‘Confidence becomes the differentiator’: Women in business, technology speak on panel


Photo credit: Archer Communications

Technology professionals Nadia Ghassemi, Dominique Greene, Una Fox, Saira Rahman and Maddi Stein share how they go to the leadership position they hold. “At some point you might have to… just say, ‘I believe this is the right path for me,'” Ghassemi said. “And I may lose a little money or a little time in the short term, but it’s going to get me to where I want to be.”

By Surya Patil, Sports Editor

Confidence. When asked what advice they would give young women going into technology-related fields, all five panelists agreed attaining career success often comes down to confidence.

Student Body President Rose Chuck (’23) and Executive Board member Alyssa Ponrartana (’23) moderated two panels the week of Sept. 12. Middle school students viewed the first panel, which was comprised of Archer alumni who own successful businesses, and it took place during MS-FLX Block Sept.12. Women on the panel own businesses ranging from an art studio to a language pathology private practice.

“It was really cool to be a bridge between the moderators and the student body, ” Ponrartana said. “A big piece advice that was given was ‘don’t take yourself too seriously.’…They talked about appreciating parts of Archer and the importance [of] participating in the things you are interested in because the journey will be over before you know it.”

The second panel took place during US-FLX block Sept. 13 and was comprised of women who are making an impact in a technological field. Upper school students gathered in the dining hall to hear each woman share their unique pathway to their positions.

Panelist Saira Rahman is currently the vice president of new investment initiatives at Fundrise, a fintech company, where she develops new products. Rahman highlighted the importance of having confidence to take career risks. The other panelists agreed with this statement, and they stressed the importance of letting go of the fear of failure. Rahman left the company she was working for after 11 years, which ultimately led her to attaining her current position.

“By the time I was 27, I was reporting into nine different banks, managing a $40 billion book simply by having stayed at the same company, ” Rahman said.”And by the time I climbed the ladder at that company, I had done just about every single role there, and I have the type of brain that I was now trained to be entrepreneurial. One of my clients who was at one of my banks asked me to jump ship and start essentially becoming a CFO in-training of that bank, so I jumped ship and joined the bank… And it was a swing and a miss.”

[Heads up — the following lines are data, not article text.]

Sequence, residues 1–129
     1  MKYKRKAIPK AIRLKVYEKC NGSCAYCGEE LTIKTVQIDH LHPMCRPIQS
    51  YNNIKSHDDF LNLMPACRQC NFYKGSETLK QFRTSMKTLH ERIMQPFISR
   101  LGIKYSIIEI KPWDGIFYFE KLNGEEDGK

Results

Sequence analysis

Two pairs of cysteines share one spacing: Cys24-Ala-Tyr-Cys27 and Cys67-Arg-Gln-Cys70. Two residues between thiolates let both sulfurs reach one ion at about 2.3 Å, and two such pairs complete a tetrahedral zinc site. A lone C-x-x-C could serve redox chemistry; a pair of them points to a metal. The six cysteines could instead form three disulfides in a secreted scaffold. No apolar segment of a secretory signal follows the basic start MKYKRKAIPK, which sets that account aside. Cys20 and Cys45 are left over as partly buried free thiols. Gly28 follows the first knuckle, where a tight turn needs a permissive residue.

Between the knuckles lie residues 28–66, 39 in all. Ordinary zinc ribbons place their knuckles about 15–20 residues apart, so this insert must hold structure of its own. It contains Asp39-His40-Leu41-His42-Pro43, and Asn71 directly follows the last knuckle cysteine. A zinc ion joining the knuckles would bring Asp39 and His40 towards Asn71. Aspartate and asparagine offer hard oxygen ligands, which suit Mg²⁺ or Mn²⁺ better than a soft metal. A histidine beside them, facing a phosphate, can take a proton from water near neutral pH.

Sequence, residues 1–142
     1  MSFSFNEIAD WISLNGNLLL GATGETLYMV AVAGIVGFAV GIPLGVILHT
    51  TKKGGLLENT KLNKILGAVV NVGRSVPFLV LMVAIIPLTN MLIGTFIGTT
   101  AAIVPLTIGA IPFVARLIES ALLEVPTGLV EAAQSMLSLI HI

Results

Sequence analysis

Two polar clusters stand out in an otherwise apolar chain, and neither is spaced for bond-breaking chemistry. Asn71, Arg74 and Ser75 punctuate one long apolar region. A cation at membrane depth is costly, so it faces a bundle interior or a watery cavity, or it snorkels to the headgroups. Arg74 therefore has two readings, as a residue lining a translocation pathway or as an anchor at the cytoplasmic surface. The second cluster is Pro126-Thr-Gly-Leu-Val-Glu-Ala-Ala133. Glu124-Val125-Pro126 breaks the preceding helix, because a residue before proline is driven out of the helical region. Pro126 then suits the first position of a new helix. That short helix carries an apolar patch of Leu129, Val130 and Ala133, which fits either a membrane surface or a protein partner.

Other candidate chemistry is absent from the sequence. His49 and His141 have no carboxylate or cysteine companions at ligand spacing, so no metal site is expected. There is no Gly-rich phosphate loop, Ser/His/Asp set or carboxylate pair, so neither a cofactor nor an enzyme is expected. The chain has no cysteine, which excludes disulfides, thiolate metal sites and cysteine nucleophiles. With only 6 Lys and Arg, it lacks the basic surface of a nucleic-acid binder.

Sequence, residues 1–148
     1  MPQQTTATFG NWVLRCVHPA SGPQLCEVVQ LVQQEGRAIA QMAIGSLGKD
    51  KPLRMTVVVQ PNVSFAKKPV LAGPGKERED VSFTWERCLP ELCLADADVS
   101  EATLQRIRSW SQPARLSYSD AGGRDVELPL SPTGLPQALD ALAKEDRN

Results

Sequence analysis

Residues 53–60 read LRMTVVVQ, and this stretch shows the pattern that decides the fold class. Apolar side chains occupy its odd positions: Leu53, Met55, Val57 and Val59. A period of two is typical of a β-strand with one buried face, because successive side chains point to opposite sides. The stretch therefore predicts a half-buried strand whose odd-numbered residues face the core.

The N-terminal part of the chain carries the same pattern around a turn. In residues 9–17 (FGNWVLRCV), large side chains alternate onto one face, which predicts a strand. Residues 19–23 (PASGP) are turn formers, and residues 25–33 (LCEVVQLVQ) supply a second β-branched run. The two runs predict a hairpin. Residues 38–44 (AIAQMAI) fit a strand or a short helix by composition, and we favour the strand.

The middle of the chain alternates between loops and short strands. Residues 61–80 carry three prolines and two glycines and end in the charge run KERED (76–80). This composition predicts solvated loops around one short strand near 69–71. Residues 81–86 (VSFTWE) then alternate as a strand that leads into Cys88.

Along with taking risks, the panelists discussed the commonly referred to statistic where men are likely to apply for a job with six out of 10 qualifications while women are likely to only apply for a job with nine out of 10 qualifications. Nadia Ghassemi, the Head of Audio Partnerships in Google’s Global Ads division, commented on the statistic.

“When you think about that men are getting the job with 30% less qualifications than the women, and the women are waiting for how long it’ll take to get those next three skills — which will be years — your male counterpart already got the job, ” Ghassemi said. “And so he’s already five to 10 years ahead of you in your career. Now that I’m sitting in a lot of rooms with executives — men and women at Google — it is so evident that confidence really becomes the differentiator at those levels.”

Maddi Stein, an aeronautical engineer who works at Skunkworks, specializing in aerodynamics, summed up the “perfect” concoction for success in two words: confidence and passion.

“I really love the part when they were discussing how women and men have a different takes on applying for jobs or different opportunities,” Ponrartana said.”I loved it when the aerospace engineer combined confidence and passion. That was a really succinct memorable phrase.”